The truth few want to admit is that such attacks may not be entirely preventable at all. […] But politicians cannot admit this truth, cannot throw their hands up and say there’s basically nothing they can do. Because if they do so, people will vote for the other candidates that will claim they can do something.

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merry christmas 2012

Have a wonderful Christmas time with your loved ones.

I wish a Merry Christmas to you!

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Nobel laureate Milton Friedman on why government programs so often fail to achieve their goals:

The trouble is in the system.

When a private enterprise fails, it is closed down.
When a government enterprise fails, it is expanded.

 

 

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After the school shooting in Newton, Connecticut, several politicians, including President Obama, have suggested that stricter gun control laws are necessary. Here are a bunch of quotations to challenge their statements:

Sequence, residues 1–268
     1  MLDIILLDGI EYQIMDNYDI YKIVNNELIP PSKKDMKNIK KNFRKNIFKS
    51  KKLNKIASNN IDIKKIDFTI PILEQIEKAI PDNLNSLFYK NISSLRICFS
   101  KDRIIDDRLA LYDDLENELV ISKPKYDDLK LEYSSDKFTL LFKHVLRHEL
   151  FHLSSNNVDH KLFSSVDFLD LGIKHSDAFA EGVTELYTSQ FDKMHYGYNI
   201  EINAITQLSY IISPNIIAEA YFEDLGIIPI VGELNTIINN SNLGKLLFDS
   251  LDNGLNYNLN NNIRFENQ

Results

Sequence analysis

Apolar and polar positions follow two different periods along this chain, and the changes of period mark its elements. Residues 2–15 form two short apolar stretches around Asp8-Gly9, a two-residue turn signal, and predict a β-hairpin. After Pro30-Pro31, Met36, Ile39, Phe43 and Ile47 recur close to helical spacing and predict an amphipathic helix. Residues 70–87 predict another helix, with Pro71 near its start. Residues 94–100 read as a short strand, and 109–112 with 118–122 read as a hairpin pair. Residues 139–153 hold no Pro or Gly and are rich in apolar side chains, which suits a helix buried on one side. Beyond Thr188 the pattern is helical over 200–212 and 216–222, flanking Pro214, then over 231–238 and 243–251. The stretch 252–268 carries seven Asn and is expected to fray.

Thomas Jefferson:

The strongest reason for the people to retain the right to keep and bear arms is, as a last resort, to protect themselves against tyranny in Government.

Walter E. Williams:

The framers gave us the Second Amendment not so we could go deer or duck hunting but to give us a modicum of protection against congressional tyranny.

Phillip Van Cleave:

When seconds count between living or dying, the police are only minutes away.

William S. Burroughs:

After a shooting spree, they always want to take the guns away from the people who didn’t do it. I sure as hell wouldn’t want to live in a society where the only people allowed guns are the police and the military.